The past couple of Sundays I have posted excerpts from Don Whitney’s book Simplify Your Spiritual Life and I will continue with this series today before concluding it next Sunday. Whitney has given me much to think about in the past weeks, and he continues to challenge me with today’s reflection on our 24/7 culture.
The front-page headline of a recent issue of USA Today reads, “24/7 almost a way of life.” The article begins with, “The nation has an unofficial motto…24/7. 24/7 isn’t just an expression, it’s a cultural earthquake that is changing the way we live.”
In times past we had to arrange our lives so we could shop and run errands before places closed. Now we have the “convenience” of shopping at increasing numbers of stores that stay open around the clock. We can get the latest news or find something interesting on TV twenty-four hours a day. Email piles up in our inbox day and night, and entire galaxies of useful websites wait to be explored in the ever-expending universe of cyberspace. Partially because of such unprecedented opportunities provided by technology and prosperity, we also suffer with less sleep than any previous generation, Eventually, though, the need for sleep keeps us from staying busy a full twenty-four hours of every day.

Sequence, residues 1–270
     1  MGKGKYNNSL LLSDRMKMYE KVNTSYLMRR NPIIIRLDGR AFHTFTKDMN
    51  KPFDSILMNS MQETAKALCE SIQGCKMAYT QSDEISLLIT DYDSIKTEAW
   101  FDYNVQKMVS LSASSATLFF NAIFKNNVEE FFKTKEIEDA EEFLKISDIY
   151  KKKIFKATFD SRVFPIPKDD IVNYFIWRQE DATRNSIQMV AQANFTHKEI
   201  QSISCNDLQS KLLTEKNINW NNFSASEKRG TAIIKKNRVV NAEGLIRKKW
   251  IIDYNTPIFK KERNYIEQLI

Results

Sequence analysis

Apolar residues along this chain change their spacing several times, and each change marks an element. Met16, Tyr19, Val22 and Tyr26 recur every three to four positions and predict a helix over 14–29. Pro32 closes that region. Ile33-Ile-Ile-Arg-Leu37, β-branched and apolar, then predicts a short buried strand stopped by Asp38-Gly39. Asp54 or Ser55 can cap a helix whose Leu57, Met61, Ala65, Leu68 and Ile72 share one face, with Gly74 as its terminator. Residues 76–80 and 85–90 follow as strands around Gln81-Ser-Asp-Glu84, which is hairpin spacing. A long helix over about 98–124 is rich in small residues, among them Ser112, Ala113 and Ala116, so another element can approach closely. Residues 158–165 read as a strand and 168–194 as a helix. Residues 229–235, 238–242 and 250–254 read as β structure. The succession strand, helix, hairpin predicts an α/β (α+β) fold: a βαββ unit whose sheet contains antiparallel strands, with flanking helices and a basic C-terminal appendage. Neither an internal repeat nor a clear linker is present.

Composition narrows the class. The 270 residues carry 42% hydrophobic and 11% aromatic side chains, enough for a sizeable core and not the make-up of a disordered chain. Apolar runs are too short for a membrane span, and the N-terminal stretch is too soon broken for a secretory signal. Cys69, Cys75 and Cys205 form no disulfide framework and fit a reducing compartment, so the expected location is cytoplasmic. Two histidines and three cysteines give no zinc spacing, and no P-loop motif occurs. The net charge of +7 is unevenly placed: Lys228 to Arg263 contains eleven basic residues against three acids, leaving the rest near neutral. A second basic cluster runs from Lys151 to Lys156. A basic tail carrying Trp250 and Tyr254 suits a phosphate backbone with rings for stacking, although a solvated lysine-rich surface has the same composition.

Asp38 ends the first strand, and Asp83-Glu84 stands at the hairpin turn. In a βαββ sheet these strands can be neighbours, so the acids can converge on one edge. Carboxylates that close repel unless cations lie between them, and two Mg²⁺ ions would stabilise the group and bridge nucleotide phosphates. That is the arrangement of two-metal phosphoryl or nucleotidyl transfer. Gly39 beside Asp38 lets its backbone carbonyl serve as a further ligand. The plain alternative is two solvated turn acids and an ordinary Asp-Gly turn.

But the “7” part of the 24/7 is another matter. Years ago the culture still provided a change of pace on Sunday. Few merchants opened their doors, which meant few people actually worked, little was bought and solid, and hardly any folks were scurrying around in order to go to work or buy things. In general, everyone had a slower, simpler day than on other days. Today, almost nothing restrains us from being as busy on the Lord’s Day as on the other six days of the week. Virtually everything available to us Monday through Saturday is available on Sunday. And for many Christians, other than church attendance and (perhaps) not going to work, Sunday is now no different from any other day.
That’s a big reason why the lives of almost everyone seem so complex: in a 24/7 world there’s no sense of when the week begins or ends. There’s no longer a day when we have to stop. As a result, there’s no more desperately needed way of simplifying the spiritual life of Christians today than delighting in the Lord’s Day.
There are few better decisions you can make, for yourself, your spouse, your children and your friends, than to choose to stop and allow the Lord’s Day to be a day of rest. To allow one day to be set aside as a day when we stop with busy-ness and relax through rest, worship and recreation.